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The relationship between mental health and drug and alcohol use is complex because one can affect the other.
Alcohol and other drugs affect chemicals in the brain responsible for regulating feelings and social behaviour. Alcohol and other drugs can deplete or change the levels of these chemicals, causing short- and long-term impacts on mental health concerns.
Everyone is different but for most people their first experience of mental health problems will arise early in life. Teens are particularly vulnerable to developing mental health problems, because adolescence is a period where organising, construction and strengthening of connections in the brain is happening.
Some of the effects of drug and alcohol use on mental health may include:
- feeling down or unmotivated to do anything
- withdrawing from friends and family
- becoming irritable, angry or aggressive
- changes in sleeping patterns
- skipping school or work
- taking more risks than usual.
Young people who already experience mental health problems, or who have a family history of mental health problems, are more sensitive to the effects of alcohol and other drugs. Substance use can trigger mental health problems such as depression, anxiety, or psychosis (unusual thoughts, hearing or seeing things that are not there) or make their mental health symptoms worse.
Find out more on the Your Room page Young people and alcohol & other drugs – scroll down to the mental health section.
It has been suggested both that mental illness can cause drug problems (when a person takes drugs in the hope of escaping their symptoms), and that heavy drug use over time causes mental health problems. Most of the evidence, however, seems to indicate that the same factors can lead to both types of problems; that is, biological, social and/or environmental factors predispose a person to have both a mental health and a substance abuse problem.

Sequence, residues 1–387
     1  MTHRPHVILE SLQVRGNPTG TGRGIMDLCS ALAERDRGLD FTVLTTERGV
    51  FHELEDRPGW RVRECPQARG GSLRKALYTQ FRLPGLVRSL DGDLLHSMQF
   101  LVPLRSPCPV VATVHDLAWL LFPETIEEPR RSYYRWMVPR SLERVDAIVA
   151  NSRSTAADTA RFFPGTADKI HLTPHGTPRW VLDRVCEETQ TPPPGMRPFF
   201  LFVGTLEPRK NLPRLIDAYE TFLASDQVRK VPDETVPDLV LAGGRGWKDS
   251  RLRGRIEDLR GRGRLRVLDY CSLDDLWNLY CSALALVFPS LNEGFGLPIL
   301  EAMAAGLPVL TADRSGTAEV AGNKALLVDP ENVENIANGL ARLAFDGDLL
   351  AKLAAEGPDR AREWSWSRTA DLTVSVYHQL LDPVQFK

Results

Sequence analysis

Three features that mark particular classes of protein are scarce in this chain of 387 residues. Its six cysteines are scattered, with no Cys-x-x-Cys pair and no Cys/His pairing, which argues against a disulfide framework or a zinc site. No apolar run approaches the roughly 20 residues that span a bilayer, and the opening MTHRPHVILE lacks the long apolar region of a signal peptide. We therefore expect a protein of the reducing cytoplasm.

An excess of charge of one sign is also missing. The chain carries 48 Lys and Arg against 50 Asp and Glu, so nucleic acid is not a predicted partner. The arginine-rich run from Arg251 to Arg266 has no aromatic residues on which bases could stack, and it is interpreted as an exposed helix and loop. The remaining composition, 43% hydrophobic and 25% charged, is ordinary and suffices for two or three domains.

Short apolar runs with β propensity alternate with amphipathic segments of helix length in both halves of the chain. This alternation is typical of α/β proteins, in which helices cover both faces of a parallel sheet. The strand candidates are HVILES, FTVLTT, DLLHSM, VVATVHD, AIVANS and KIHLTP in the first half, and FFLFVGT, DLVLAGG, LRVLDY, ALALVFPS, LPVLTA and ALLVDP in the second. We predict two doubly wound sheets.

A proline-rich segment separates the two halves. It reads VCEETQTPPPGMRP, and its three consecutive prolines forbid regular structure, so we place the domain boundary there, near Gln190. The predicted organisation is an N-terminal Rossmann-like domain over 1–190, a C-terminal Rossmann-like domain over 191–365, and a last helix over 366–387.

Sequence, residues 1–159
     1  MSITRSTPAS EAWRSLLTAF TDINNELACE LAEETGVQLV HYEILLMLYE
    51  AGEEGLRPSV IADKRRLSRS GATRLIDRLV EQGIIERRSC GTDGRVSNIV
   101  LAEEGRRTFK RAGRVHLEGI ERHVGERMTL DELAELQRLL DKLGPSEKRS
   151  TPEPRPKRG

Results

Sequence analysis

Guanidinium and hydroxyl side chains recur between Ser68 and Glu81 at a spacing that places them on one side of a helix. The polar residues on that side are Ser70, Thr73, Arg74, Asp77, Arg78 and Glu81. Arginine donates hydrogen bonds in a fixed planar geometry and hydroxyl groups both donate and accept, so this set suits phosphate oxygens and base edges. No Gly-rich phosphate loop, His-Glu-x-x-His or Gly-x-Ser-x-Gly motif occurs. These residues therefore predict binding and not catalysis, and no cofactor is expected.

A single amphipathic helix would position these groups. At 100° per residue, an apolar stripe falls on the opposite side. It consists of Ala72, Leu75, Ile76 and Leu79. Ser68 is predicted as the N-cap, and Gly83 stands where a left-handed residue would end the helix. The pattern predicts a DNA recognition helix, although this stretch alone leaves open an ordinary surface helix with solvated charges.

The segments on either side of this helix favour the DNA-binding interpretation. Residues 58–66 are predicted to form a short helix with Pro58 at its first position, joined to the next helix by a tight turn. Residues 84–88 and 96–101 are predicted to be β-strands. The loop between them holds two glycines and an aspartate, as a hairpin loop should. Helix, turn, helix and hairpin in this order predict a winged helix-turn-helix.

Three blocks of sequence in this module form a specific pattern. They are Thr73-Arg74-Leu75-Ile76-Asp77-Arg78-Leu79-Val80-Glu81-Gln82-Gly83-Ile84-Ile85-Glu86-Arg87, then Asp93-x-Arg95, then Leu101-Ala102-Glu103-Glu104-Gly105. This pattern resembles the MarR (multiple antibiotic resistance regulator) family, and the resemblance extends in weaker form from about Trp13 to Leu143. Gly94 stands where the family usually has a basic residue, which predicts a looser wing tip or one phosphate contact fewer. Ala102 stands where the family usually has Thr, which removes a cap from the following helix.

Both drug and alcohol and mental health services have become much more aware of this situation, and best practice in both areas is now to treat both disorders if this is appropriate. If you are choosing a drug and alcohol treatment program for a friend or relative, it is important to ask whether they will help with any mental health problems.
If the client is a polydrug user, it is also important that the agency can treat each type of drug.
Polydrug use means
- using two or more drugs in combination (eg tobacco and alcohol)
- using one drug to counteract the effects (or the after effects) of another
- using different drugs at different times over a short period of days or weeks.
Polydrug use is very common among people who use drugs. Using a single psychoactive drug can be dangerous; using more than one significantly increases the risks. In particular, if two drugs of the same type, such as the depressants heroin and alcohol, are used together, there are greatly increased risks of accidents, overdose and death.
Other common dangerous drug combinations include ecstasy with alcohol, heroin with sedatives, and amphetamines with sedatives. Because alcohol is the most widely abused psychoactive drug, it is also the most commonly involved in risky polydrug use.
Alcohol and mental health
Many people who have alcohol-related problems also have mental health problems. For example, people with post-traumatic stress disorder (such as war veterans and people who have experienced violence) are more likely to develop problems with alcohol.
There are also strong associations between alcohol problems and affective disorders such as major depression, bipolar disorder and anxiety disorders. The use of alcohol can make the symptoms and prognosis of mental illnesses worse.
Can cannabis cause mental health problems?
Cannabis use can have serious consequences for the mental health of particularly vulnerable people. It increases the frequency of episodes of psychosis in those with a disorder such as schizophrenia. Whether it can cause a psychotic illness is not known, but it appears that heavy use at a young age can bring about a psychotic episode in susceptible individuals, and at a younger age.
The association between anxiety and depression is less certain, but there is some evidence that regular, long term cannabis use from an early age may increase the risk of experiencing symptoms into adulthood. Regular adolescent use may also increase the risk of attempting suicide.